• WashTech: Q & A with Marcus Courtney on H1-B visas. By Jeff Nachtigal. Excerpts: WashTech News: What was it like to be talking about the H1-B visa issue at the same time as Bill Gates? Courtney: I think that Bill Gates spends a lot more time working this issue and others than people realize. What was interesting was how visible he was lobbying on this issue: the full-court press with interviews, meetings, talking with David Broder of the Washington Post, and Rep. Nancy Pelosi’s staff (D-CA). Everyone was talking about Bill Gates’ visit, and he had a single-minded focus on this issue. The timing for us was incredible, to be there to give a counterweight to what Gates is saying. We were there saying, ‘This is our position on the issue, and he’s off the mark, the shortage is not backed up by what’s really happening in the labor market.’ And people really listened. [...]
    Courtney: This was the first time in a number of years that representatives and staff were engaged with us and followed up on our concerns. I see this as a real opportunity in the election year, as politicians know that Bill Gates is only one vote. If their constituents email and communicate with Congress right now, we can defeat corporate attempts to have unlimited access to workers everywhere. The actual balance of power right now is with the workers and not the employers because it’s an election year. This is why the industry is trying to do a full-court press now. They read polls, they know American workers are concerned about job security, and people fundamentally know H1-B undermines workers. Not only U.S. workers, but also guest workers, because there are only so many high-tech jobs that are being created.
  • Los Angeles Times: Chief's Pay Rises as Gap Struggles. Paul Pressler is awarded stock options valued at $15.2 million despite missing key targets. By Leslie Earnest. Excerpt: Gap Inc. Chief Executive Paul Pressler last year failed key performance measures set by the apparel chain's board. So how did directors respond? By awarding him stock options worth $15.2 million — nearly triple the amount he got the year before — and maintaining his $1.5-million annual salary.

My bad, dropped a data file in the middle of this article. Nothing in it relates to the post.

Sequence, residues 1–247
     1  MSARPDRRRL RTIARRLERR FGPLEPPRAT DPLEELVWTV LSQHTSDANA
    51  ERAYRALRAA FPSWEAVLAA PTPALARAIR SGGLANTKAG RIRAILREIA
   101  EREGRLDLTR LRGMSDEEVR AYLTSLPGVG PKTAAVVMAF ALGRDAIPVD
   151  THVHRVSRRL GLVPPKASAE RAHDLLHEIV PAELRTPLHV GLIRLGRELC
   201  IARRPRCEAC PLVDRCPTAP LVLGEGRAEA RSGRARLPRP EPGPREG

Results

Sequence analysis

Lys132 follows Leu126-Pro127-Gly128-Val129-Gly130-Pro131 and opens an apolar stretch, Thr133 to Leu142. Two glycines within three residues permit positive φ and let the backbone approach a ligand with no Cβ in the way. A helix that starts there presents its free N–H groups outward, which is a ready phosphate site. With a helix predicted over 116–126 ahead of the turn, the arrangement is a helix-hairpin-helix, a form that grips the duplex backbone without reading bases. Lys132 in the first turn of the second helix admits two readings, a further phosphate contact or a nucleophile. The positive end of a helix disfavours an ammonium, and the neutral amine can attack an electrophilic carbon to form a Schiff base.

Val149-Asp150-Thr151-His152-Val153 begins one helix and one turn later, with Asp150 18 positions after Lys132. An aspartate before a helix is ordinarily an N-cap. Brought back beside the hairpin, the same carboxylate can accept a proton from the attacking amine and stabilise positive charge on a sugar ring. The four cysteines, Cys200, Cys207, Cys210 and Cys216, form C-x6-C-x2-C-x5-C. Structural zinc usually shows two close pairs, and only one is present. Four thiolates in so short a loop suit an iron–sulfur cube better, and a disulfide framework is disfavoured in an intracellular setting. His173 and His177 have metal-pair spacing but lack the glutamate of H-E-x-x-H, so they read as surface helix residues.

• Los Angeles Times: Masters of discrimination. Excerpts: The Georgia dogwoods are dripping with dew. The azaleas are exploding with color. The staff is trimming impeccable greens and fairways and making pimento cheese sandwiches. The Masters is coming. All of which begs the question: Does IBM Corp. really consider it OK to discriminate against women but not against blacks? We called the company, which advertises its ability to help customers answer any inquiry, but a spokesman politely declined to answer.
    The question arises from the company's sponsorship of the 70th Masters golf tournament at the Augusta National Golf Club, which starts April 6. In 1990, IBM — lauded as a diversity leader for more than 50 years — famously pulled its advertising from the PGA Championship at Shoal Creek, a private club in Alabama that did not admit blacks, on the grounds that "supporting even indirectly activities which are exclusionary is against IBM's practices and policies." [...]
    A private club can admit or exclude whomever it wants. But what IBM, AT&T and Exxon Mobil (not to mention CBS, which has broadcast the Masters for more than 50 years) are doing — essentially forcing their employees and shareholders to support discrimination — is another matter. All three claim to have robust policies encouraging full participation of women and minorities in business activities. They should all amend these policies if they continue sponsoring the Masters. And IBM's management needs to explain to its employees and shareholders why the company doesn't consider gender discrimination as big a deal as racial discrimination.
News and Opinion Concerning Health Savings Accounts, Medical Costs and Health Care Reform
  • Washington Times: Health-care reform: Be patient. By Alex Gerber. Excerpts: Our health-care system is in deep trouble and, according to some pundits, threatened with a "meltdown." Soaring costs now account for 16 percent of the U.S. annual gross domestic product (GDP) and are slated to climb to 20 percent by 2015. This is deemed "unsustainable" without severely effecting our national economy. Equally serious are the millions of Americans with limited access to our health-care system due to lack of medical insurance.
    Unique among Western industrialized societies, we do not provide coverage for all our citizens through either private or public insurance. This national disgrace has aroused relatively little concern from an administration that has seen the world's only "superpower" increase its medically uninsured from 41 million to 46 million (rising 100,000 monthly) since Mr. Bush took office. [...]